In southern CA for example, and for regular homes, they just put in really small front lawns with short setbacks and people cover half or more with concrete on 1/10 acre lots, and they get to water their tiny patches of grass as much as they want.

I get that tiny lots are not optimal, but neither is the effort of xeriscaping nor harsh watering restrictions that turn your neighbors into criminals because they want to maintain their property.
We don't have anything like the water issues faced in SoCal.
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Old 08-07-2013, 03:35 PM
 
Location: Dallas area, Texas
2,237 posts, read 2,764,104 times
Reputation: 3774
I would turn them in when you actually see them violating the law.
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Old 08-07-2013, 04:07 PM
 
Location: Irving, TX
622 posts, read 562,741 times
Reputation: 915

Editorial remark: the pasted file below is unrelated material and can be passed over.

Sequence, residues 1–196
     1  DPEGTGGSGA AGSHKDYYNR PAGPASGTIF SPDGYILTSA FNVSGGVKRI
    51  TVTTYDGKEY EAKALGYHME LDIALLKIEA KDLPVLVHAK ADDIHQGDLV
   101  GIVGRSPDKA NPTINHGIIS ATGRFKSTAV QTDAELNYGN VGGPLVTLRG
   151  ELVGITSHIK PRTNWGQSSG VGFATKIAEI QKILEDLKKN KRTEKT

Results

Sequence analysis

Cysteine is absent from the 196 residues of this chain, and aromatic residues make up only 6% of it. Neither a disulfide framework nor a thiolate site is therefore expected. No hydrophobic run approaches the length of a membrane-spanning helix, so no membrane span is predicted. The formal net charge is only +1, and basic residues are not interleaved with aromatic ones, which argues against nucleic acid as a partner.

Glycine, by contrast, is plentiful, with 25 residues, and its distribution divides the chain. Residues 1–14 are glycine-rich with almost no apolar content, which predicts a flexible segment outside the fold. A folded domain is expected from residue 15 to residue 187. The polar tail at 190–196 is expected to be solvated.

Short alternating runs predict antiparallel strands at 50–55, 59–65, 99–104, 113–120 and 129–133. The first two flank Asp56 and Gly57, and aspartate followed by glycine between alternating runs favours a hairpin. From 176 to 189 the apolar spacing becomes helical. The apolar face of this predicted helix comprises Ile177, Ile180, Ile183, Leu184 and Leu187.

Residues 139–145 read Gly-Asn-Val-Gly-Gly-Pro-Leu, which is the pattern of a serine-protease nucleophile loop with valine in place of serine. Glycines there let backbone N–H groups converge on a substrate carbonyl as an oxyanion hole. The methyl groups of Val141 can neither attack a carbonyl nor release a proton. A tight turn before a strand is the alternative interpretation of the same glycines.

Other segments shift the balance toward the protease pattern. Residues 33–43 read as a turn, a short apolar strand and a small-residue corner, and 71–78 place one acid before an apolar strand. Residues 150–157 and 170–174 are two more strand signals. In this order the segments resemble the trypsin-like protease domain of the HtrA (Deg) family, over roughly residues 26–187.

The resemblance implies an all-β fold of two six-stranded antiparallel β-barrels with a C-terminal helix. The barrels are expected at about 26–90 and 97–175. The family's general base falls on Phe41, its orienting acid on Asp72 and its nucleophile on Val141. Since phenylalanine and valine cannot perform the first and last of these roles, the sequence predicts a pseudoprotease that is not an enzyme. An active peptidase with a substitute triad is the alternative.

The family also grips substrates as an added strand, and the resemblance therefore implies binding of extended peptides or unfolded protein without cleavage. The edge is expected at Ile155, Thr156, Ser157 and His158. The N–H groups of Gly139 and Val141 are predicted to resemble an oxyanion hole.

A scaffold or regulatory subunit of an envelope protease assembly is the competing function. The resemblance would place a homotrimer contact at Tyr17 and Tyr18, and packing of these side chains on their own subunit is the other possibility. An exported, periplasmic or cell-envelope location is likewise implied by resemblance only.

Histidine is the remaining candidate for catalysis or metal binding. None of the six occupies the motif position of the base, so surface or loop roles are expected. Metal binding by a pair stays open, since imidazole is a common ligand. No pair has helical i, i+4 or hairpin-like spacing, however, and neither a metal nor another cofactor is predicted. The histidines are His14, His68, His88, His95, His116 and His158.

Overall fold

Agreed -- turn 'em in. We don't have SoCal issues... YET. But in another six years we very well could unless people start getting serious.

That said, what are you looking to do with the lawn? "Xeriscaping" sounds all harsh until you realize that "legacy" roses fit in that category, and crape myrtles survive the summer just fine here with absolutely minimal watering once they're established, and can be planted in patterns that throw good shade, so long as you're not a flipper who's chained in to having a generilawn.
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Old 08-07-2013, 04:10 PM
 
Location: DFW - Coppell / Las Colinas
29,975 posts, read 34,587,203 times
Reputation: 35990
In this heat, It's crazy to do landscaping right now unless they have no other choices.

They should put off any additional till October.

Last edited by Rakin; 08-07-2013 at 05:15 PM..